Norwegian Trumpet Player Breaks the Mold in Madison—and Beyond
It’s not that Madison Symphony audiences aren’t used to young virtuosos who can dazzle the ear and eye, and more and more frequently are as well versed in social media as they are with standard concerto repertoire…but they might not be prepared for a twenty-six-year old Norwegian trumpet player with a resume as dazzling as her stage presence.
So here’s your chance to experience someone who matches that description as Tine Thing Helseth (TEE-na Ting HEL-set) blows into town for concerts Friday and Saturday night and Sunday afternoon. I sat down with her Tuesday afternoon at the MSO offices.
Having just come from the Seattle, Washington, area, Helseth admitted that it might well be warmer in Oslo than in Madison Tuesday—but the weather did make her feel a little at home. Her mother was an amateur trumpet player, and Helseth picked up the horn for the first time at the age of seven. Most gifted youngsters might happily settle for someday landing a job in a major orchestra. How did Helseth manage to go directly into the spotlight as a soloist?
“I can’t remember wanting anything else. My mother knew a famous solo trumpet player, Ole Edvard Antonsen. I hadn’t even met him, but just knowing that he was living his life as a solo trumpeter told me it was possible. So I wanted to be like him—and suddenly I’m here.” She laughs, “Of course, there was a lot of hard work along the way!”
But Helseth has some other special qualities in addition to technical mastery and an artistic personality: She simply refuses to recognize traditional boundaries. She is the founder of tenThing, an ensemble of ten female brass players who play, well, pretty much whatever they feel like. “It started when we were studying together in Norway, four of us who all played trumpet. We were listening to a string ensemble play some Vivaldi at a Christmas concert, and we said ‘We want to play that!’ Eventually we gathered a group of ten, and now we get together about four times a year.” The first lasting fruits of this unique collaboration was the 2012 album 10.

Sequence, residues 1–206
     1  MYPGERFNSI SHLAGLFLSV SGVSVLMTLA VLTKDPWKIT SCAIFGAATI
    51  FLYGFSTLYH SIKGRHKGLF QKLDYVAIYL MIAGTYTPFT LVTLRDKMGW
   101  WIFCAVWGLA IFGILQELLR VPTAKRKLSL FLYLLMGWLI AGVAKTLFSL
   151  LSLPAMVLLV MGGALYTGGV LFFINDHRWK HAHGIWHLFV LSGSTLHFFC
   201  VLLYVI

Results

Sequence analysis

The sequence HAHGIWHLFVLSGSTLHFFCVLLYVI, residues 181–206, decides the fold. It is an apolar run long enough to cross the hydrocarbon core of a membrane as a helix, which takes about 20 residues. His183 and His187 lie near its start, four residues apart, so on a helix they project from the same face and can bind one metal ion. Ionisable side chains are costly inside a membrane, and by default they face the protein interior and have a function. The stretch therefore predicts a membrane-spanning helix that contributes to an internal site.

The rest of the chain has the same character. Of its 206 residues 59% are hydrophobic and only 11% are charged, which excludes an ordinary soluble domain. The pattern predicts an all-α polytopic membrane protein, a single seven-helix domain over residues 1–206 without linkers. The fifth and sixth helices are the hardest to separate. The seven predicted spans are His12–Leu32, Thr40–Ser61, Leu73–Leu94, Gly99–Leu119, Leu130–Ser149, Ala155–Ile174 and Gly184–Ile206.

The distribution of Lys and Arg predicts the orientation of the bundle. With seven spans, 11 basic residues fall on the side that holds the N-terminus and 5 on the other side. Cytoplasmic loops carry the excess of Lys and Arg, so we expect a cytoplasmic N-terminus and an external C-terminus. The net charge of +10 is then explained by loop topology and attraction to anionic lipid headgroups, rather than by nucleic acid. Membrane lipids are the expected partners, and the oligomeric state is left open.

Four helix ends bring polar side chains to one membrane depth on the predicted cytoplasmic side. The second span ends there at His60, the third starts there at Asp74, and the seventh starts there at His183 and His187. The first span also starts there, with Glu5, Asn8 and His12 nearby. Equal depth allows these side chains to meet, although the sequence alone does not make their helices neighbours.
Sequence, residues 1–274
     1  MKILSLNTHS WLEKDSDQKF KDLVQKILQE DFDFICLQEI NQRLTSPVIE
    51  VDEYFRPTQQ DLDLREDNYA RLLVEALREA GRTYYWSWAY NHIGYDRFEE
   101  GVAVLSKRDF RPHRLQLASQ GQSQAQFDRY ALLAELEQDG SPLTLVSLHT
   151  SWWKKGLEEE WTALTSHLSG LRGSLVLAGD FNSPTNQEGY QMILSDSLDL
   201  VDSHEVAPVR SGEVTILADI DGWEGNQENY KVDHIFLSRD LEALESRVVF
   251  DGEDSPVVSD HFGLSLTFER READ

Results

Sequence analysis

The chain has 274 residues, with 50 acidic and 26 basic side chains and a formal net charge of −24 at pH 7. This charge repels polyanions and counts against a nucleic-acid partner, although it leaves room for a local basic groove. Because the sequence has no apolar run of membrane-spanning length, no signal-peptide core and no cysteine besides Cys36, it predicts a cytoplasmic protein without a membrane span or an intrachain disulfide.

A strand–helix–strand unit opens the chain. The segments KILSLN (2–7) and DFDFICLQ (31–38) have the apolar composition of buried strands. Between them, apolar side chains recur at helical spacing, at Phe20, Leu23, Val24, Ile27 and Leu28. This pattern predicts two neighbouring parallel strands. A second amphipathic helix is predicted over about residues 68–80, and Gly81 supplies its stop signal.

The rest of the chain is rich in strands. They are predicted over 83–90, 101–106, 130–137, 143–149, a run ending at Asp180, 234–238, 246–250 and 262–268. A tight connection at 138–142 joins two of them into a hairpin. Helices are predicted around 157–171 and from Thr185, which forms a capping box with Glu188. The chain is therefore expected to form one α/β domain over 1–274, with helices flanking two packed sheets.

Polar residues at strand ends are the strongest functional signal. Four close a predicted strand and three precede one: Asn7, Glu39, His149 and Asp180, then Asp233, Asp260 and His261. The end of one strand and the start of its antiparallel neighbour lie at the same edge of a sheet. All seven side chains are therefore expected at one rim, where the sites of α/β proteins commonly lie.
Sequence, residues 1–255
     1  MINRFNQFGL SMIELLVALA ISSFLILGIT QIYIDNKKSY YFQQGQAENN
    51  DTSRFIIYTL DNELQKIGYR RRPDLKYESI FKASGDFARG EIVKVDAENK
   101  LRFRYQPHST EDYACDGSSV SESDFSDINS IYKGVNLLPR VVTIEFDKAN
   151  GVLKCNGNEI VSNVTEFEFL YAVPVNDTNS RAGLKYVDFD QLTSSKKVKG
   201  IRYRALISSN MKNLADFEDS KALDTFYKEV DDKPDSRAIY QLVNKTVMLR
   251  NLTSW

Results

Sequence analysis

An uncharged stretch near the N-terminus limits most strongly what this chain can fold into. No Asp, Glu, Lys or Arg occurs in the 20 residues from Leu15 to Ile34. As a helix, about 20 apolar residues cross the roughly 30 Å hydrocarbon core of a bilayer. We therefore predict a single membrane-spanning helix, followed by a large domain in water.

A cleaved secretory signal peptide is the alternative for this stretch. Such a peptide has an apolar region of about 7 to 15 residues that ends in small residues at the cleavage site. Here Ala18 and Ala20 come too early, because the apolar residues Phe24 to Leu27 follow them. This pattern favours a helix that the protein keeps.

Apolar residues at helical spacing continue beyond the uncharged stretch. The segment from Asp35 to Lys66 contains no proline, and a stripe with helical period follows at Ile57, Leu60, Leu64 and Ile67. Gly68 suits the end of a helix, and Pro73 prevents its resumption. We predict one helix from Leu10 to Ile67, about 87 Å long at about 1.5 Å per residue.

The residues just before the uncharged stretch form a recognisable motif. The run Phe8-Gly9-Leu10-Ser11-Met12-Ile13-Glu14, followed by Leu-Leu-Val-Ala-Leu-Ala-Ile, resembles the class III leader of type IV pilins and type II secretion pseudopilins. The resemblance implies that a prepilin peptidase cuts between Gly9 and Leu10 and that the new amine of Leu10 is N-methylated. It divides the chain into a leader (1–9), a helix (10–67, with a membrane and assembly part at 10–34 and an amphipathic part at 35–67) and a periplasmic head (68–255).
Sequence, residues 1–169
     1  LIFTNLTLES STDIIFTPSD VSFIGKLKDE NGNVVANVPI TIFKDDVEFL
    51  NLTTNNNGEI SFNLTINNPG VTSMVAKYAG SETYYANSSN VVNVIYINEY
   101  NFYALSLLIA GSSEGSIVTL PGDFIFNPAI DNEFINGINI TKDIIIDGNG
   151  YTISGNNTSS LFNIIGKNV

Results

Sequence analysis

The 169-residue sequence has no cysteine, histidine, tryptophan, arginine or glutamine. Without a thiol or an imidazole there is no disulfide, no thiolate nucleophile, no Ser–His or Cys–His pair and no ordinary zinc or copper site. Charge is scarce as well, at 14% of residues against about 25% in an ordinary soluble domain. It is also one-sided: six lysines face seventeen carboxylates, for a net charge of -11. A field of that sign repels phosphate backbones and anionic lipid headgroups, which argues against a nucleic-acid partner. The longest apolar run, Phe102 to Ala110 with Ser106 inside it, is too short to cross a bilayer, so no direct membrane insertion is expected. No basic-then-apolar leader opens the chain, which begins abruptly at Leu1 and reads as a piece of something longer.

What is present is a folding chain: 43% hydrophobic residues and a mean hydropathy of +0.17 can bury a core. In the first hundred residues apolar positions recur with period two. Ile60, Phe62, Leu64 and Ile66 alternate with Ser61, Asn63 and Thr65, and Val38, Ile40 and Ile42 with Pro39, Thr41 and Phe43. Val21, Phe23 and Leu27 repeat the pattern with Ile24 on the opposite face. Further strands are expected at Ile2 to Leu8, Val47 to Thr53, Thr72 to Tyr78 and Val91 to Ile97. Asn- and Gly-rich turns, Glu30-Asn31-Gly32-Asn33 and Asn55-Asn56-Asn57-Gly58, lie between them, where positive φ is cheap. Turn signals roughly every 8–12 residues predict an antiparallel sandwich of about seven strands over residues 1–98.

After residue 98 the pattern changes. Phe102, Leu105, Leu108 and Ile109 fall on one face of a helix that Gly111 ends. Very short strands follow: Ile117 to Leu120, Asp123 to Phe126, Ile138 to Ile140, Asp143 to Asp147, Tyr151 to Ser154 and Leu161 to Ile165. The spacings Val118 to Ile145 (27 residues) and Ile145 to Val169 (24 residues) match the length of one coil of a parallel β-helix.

This weekend in Madison we get “just” Helseth, but at least we get a double dose: First she will perform the Trumpet Concerto of Haydn, arguably the first great concerto for the instrument, followed by the Trumpet Concerto of Arutiunian. “Arutuinian was in the former Soviet Union, an Armenian, and the music is very romantic, even though it was composed in 1950, with some folk elements and a really memorable fast melody.”
I told Helseth that we spend a lot of time in the U.S. talking about the problem of audience development and reaching out to young people. What was her perspective? “It’s talked about all over the world—but I see a lot of young people at concerts, and I think they’re very open-minded. It’s easier today to find any kind of music quickly, and a lot of younger people have all kinds of music on their iPods. I like to do concerts in different venues, night clubs and the concert stage. It’s important to maintain the classical traditions, but I didn’t come from a classical home. Sometimes people are afraid to come to a classical concert because they might applaud in the ‘wrong’ place. But my friends and I love it when someone does that—it means there’s a new person in the audience!”
So Helseth won’t mind if anyone in Overture Hall this weekend lets their enthusiasm overrule etiquette. And this much seems clear: You’ll probably want to be applauding a lot.
Visit madisonsymphony.org for more information about this weekend’s performances.